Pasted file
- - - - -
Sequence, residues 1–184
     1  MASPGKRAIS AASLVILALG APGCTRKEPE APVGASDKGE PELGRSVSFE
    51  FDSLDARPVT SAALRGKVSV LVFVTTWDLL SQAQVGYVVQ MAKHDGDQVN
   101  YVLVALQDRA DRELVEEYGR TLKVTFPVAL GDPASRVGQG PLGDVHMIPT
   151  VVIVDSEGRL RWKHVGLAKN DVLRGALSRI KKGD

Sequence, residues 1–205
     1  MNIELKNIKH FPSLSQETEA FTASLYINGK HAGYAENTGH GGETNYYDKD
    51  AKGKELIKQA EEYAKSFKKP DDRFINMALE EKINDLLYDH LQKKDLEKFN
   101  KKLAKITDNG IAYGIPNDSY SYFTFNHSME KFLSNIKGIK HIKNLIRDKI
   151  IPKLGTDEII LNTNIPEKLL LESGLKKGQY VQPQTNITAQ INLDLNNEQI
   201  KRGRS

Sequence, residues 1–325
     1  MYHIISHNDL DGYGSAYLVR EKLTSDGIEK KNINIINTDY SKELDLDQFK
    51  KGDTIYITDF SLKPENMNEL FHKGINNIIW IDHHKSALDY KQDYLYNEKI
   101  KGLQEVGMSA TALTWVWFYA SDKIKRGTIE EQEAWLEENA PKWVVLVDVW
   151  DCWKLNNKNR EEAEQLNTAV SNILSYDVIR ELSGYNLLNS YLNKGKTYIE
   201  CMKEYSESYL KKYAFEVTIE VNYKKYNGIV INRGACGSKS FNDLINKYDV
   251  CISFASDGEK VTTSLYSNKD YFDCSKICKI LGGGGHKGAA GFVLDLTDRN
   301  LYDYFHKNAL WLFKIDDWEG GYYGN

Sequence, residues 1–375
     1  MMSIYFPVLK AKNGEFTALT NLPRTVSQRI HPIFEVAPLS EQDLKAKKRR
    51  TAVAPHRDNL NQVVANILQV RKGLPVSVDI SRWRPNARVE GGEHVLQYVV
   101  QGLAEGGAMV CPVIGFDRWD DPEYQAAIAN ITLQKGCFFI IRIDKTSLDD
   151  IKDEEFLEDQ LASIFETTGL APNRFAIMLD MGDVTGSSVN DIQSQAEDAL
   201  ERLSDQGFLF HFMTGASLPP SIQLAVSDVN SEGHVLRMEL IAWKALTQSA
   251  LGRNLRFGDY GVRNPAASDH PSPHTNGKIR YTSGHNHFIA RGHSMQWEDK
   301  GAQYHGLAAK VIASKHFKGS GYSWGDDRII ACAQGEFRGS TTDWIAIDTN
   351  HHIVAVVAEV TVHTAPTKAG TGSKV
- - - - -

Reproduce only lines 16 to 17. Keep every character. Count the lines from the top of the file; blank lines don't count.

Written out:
   151  DCWKLNNKNR EEAEQLNTAV SNILSYDVIR ELSGYNLLNS YLNKGKTYIE
   201  CMKEYSESYL KKYAFEVTIE VNYKKYNGIV INRGACGSKS FNDLINKYDV